I grew up here in NE Oregon along the banks of the Columbia River. It was at one time the greates fisherie in the world. Ceilo Falls was the traditional home and a major trading area for hundreds of tribal people. I can follow Lewis and Clark’s journals along the river for miles.
    All my life, my sympathies have been with the Native Americans.

    I hold in my hand a family ancestor chart which I have always been proud of. It showes members of the Knowles family after making the long voiage from europe living in New Hampshire, 1635,. They took part in the revolutionary war,the War of 1812 and the Civil War.
    Somehow, in my mind MY ancestors would not have been involved in actions that resulted in theft of property, the loss of culture and the annihilation of a people.
    In the 1840’s another branch of my family fled the starvation, religious persecution and loss of their lands in what was then Bohemia.
    They were able to escape to a new country.
    the Native Americans didn’t have that option.
    Of all the people that should have recognized the plight of Native Americans
    as the same as theirs ,were MY people from Bohemia.
    But they were busy becoming Americans.
    The Walkers are Kansas farmers. The Knowles were Kansas business people.
    None subscribed to the popular thinking that it was America’s Manifest
    Destiny to cross the country in wagons and claim the land from people who had lived here for centuries . But the land they lived on in Kansas had originally belonged to Native americans.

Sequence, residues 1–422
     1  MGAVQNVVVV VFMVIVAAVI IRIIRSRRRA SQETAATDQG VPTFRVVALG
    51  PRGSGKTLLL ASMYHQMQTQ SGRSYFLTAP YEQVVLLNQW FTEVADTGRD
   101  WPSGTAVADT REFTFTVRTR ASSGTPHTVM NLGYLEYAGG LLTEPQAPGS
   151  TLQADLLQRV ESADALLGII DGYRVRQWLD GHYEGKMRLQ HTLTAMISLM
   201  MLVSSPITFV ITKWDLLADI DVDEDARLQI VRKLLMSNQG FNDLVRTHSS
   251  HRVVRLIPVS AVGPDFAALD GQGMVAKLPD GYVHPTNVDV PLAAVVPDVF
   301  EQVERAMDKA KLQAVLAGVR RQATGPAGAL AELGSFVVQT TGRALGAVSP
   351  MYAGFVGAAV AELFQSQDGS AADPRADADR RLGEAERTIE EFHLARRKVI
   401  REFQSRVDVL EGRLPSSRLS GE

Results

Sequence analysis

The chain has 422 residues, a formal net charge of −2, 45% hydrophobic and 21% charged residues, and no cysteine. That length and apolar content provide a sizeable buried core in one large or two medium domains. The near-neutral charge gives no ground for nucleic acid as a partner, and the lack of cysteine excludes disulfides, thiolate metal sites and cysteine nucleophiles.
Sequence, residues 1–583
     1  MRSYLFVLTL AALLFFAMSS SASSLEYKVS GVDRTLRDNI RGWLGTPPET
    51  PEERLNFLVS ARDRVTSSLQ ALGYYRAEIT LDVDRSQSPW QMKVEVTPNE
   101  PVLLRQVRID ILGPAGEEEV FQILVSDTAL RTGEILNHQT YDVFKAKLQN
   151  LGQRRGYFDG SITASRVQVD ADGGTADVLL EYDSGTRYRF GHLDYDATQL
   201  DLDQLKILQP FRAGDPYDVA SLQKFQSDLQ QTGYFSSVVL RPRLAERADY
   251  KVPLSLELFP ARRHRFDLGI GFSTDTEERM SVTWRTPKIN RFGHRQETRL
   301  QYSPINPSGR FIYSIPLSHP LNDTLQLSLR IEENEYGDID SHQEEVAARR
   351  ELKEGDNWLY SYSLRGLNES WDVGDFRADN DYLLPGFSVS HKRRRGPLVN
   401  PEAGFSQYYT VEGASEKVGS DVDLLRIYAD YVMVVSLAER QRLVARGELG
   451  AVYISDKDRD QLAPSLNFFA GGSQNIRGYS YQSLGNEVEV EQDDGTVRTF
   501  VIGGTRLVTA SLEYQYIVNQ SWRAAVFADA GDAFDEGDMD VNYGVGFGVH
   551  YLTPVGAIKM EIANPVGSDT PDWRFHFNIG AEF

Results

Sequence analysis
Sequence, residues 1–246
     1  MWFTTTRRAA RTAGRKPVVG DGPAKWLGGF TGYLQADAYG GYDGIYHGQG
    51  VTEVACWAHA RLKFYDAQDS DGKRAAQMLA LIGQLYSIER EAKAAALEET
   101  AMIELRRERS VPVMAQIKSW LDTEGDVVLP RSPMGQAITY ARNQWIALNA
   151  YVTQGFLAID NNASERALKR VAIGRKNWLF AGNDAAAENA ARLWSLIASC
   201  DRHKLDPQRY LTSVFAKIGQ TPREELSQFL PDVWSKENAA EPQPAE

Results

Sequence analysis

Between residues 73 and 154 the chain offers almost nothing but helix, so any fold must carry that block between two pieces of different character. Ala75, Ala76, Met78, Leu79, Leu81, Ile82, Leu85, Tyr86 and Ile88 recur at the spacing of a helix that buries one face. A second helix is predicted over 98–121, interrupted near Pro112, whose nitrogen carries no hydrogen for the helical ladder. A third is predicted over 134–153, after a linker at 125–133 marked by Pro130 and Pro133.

We came west later, working for the Santa Fe and Union Pacific RR. Most of the dirty work here in the Pacific Northwest was already done. The few Native Americans left were on reservations.

    Now I am faced with the fact that MY people,simply by immigrating to America, are as much to blame for the genocide, the culture rape and theft of property, as those who made the decisions or gave the orders.
    The statement that “I cannot be responsible for the actions of those who lived a couple of hundred years ago.” applies here.
    But I am responsible for MY actions.
    It’s time that MY generation , the Baby Boomers start taking more responsibility for the assault we have helped perpetuate against our plant,against other races and to our own culture.

  • john

    I was hoping the focus of this documentary would be on the native american indians of the what is now called the united states but they get into the cultures of mexico too. kinda disappointed.

    • lifeisbrief

      Hey john, this series focuses on native americans of ALL of the americas (south, central, and north). to only present about ONE facet of that history would do this series a grave injustice. i am please to see that they chose all of the land and not just a part of it.

  • samtha

    this is good

  • linda

    john seems to be looking at the US as something that existed more than 250 years ago. look at a map without the lines.

  • dangitol

    Very inaccurate, inadequate report about Custer’s final battle; misleading or simply incorrect on several points. This made the content veracity factor of all episodes suspect, to say the least. Don’t make the mistake of assuming this is a reliable resource for accurate history telling of this subject matter; it isn’t. If you do the work, i.e., lots of reading and study, you would have to agree that 500 Nations comes up short.